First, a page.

Boundaries also help your child understand your relationship. Children want their parents to be together. When you send them mixed signals, it will confuse them. Both of you need to be consistent in what you tell your child. If you are involved with our child’s mother and also dating other women, what signal does that send your child? What example are you are setting for your children? Having loose boundaries will make your dating very hard.
Tip 4: Establish Consistency
Be consistent. If you set a schedule to see your child, keep it! If you need to switch the schedule, be consistent in communication. We need to create a routine for our children. Children thrive in consistency. It’s hard for adults to function in an inconsistent environment, so you can imagine how a child would operate not knowing what’s next. Be consistent with your words and actions. You cannot tell our child’s mother that you will do something and end up doing the opposite. They depend on our consistency for our children. They have lives as well and want to schedule things while the child is with us.
They depend on financial support for the children. Let’s not get into “she is spending my money on frivolous things that aren’t for our kids.” The problem with that thinking is you are counting her money blindly. You are counting when she gets her nails done, but not when she buys food your child. You are counting when she buys herself a dress, but not when she buys your child new shoes. Even if you feel like you are doing everything, you are not. Just like when your child is with you and randomly asks for something at the store and you buy it, it happens to her as well.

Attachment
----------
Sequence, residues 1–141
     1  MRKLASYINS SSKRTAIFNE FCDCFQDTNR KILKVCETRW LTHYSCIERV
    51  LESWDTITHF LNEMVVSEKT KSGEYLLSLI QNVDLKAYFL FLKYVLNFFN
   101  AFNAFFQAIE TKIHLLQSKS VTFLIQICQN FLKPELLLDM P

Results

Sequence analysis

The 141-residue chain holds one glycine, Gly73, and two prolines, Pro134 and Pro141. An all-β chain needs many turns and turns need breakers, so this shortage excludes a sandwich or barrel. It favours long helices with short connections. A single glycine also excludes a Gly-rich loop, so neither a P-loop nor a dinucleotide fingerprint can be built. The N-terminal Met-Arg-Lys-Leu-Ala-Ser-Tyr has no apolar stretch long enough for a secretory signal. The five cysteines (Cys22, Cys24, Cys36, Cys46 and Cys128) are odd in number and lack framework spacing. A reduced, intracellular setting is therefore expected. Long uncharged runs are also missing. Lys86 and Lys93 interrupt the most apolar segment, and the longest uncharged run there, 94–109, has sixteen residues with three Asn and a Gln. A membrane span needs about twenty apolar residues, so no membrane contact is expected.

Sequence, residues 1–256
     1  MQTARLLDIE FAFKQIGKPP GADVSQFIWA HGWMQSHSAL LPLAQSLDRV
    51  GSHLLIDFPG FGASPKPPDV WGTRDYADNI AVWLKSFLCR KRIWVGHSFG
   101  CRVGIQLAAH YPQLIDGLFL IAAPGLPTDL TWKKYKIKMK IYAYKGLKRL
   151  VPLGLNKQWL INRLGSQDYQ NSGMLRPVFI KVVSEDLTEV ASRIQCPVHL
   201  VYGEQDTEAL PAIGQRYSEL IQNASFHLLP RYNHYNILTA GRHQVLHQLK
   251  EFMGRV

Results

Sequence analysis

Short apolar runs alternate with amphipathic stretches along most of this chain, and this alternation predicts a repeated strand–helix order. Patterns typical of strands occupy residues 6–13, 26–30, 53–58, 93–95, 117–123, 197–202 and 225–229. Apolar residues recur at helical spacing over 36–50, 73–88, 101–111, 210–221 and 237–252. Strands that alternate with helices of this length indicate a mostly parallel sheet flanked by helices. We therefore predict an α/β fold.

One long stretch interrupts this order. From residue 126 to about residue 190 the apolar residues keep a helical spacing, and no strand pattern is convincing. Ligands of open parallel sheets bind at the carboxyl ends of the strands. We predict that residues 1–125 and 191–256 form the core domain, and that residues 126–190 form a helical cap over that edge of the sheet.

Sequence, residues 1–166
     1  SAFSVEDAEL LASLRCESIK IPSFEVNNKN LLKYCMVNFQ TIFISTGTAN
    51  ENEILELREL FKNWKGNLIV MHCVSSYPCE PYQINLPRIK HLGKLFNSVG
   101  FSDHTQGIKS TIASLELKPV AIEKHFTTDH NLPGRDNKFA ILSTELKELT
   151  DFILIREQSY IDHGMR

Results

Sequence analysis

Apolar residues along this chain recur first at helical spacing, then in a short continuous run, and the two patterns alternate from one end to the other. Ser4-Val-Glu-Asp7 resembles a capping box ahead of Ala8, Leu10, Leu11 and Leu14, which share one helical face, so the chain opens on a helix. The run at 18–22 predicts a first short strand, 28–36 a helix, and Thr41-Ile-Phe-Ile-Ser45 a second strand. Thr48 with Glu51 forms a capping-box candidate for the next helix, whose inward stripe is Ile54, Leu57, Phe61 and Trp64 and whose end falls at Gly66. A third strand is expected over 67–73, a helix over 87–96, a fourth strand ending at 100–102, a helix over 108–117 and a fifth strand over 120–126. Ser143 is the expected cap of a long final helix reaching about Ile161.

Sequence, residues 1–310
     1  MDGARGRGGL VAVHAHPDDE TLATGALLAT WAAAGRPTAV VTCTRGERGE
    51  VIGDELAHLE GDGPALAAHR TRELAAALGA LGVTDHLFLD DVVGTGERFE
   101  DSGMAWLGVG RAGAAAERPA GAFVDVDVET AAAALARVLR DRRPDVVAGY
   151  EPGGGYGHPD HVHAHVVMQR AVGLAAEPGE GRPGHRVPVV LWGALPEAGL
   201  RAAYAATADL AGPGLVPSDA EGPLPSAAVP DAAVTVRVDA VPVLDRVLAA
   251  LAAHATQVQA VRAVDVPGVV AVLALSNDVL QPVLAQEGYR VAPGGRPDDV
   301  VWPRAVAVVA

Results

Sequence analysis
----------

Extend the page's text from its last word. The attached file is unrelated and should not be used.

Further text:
Being consistent helps us to plan for our free time, work, dating and everything else. You know your schedule, when it is your time with your child, and when you are free.
Tip 5: Be Present in their Presence
When you have your children, be with them. Don’t pass them off to family members or friends. Don’t spend time with your children upset with your co-parent. Children can sense everything you are feeling. Stop what you are doing and be what they need. They do not have you all the time so they value the time they do have with you. You should as well. Your presence is way more valuable than any present you could ever give them. Be their present. Be present in their presence! Learn how your child thinks, acts, and feels. Establish a relationship with your children so they know you are available.
Tip 6: Keep Your Issues In-House
Too many people involved will only create too many opinions. Choose who you can trust and will support you by listening and comforting you. Avoid those who will attempt to make things worse for the both of you. Keep your issues in-house to maintain boundaries, which keeps the friction low. I had to keep what I did for our child separate from what she did for him in her household. We didn’t need to compete for his love. He cared that both of his parents loved him. He cared that we got along. He cared that both of us were in his life. The only competition we needed to compete in was having the happiest and most loved child.
I had to reach a level of maturity that has helped me be an effective co-parent. Things aren’t perfect. I just made up in my mind that I needed to do certain things to create an environment where our son would benefit from effective co-parenting.
This originally appeared on Bashea’s blog, Bashea Williams.